The government accused the bank and its subsidiary MortgageIT of lying about the quality of some mortgages that were to be insured by the government. With the government insurance, Deutsche Bank and MortgageIT were allegedly able to sell weak mortgages for more than they were worth. Because the mortgages were weak, the FHA has been forced to honor insurance policies on the loans.
"You can always get someone up on charges if you work hard enough given all the regulations we have," says Ed Novak, an attorney at Polsinelli Shughart. "I don't buy that the financial industry has so weakened the statutory framework of this country that we can't pursue something."
The details of the allegation may be special to Deutsche Bank, but the story has the same general characteristics of so many schemes unearthed in the aftermath of the financial meltdown. A bank takes weak mortgages and finds a way to sell them for more money to unsuspecting investors, passing the risk onto others while making a profit.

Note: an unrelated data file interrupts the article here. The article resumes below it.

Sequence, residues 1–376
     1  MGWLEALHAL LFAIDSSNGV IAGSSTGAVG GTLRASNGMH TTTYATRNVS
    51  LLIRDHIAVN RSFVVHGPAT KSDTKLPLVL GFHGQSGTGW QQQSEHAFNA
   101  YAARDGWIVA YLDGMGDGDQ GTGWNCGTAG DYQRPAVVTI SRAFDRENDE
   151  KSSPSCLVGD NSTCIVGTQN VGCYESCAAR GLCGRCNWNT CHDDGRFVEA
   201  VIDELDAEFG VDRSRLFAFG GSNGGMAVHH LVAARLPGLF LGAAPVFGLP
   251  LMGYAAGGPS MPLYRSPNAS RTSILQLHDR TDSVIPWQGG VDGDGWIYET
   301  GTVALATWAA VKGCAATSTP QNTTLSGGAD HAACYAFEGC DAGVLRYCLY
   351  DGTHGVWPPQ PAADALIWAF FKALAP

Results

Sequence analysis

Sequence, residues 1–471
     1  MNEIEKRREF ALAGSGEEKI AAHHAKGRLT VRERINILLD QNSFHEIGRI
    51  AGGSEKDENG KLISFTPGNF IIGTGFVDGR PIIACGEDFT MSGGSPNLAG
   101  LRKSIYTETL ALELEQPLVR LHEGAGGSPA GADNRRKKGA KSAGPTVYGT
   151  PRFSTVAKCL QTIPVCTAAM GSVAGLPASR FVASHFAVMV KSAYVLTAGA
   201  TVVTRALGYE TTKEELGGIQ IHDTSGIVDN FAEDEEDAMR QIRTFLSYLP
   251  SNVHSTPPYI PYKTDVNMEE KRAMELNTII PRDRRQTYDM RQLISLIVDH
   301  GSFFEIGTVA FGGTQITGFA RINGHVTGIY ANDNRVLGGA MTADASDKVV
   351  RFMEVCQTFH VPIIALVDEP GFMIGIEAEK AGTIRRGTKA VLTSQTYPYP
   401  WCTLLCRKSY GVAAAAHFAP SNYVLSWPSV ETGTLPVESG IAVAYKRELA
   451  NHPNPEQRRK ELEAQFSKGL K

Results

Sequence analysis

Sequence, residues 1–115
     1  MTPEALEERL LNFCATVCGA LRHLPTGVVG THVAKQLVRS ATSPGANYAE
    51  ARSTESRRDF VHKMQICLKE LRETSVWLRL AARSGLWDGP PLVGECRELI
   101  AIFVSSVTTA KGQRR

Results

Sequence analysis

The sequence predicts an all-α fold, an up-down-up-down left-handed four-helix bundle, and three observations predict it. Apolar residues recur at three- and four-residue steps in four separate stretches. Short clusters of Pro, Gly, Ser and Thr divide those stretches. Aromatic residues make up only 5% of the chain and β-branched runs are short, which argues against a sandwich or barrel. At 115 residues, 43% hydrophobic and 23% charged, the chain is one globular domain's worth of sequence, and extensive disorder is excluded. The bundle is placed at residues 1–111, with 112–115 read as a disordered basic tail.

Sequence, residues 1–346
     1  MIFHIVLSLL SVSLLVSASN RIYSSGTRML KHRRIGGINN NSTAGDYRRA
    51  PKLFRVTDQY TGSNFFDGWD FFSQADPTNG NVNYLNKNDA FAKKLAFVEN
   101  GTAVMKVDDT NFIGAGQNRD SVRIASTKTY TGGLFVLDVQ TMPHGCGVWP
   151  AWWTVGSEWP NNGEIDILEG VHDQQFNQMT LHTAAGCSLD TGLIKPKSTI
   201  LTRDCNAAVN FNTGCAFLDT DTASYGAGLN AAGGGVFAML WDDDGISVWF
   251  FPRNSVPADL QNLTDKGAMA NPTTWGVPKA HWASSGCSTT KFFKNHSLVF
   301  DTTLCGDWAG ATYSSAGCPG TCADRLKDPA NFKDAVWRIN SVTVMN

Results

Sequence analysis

It is easy to forget that the system moves more slowly that we'd like. Even in the case of Enron, it took years for justice to be served. The indictments moved at a quick pace due to the company's high profile collapse (and having a whistleblower didn't hurt), but the process still took years.
Cracks were visible at Enron in 2001, the year it filed for bankruptcy. Congress held an inquiry in 2002, and smaller players were indicted. But it not until 2004 were former CEO Jeff Skilling and ex-chairman and CEO Ken Lay indicted. The trials dragged on through the spring of 2006.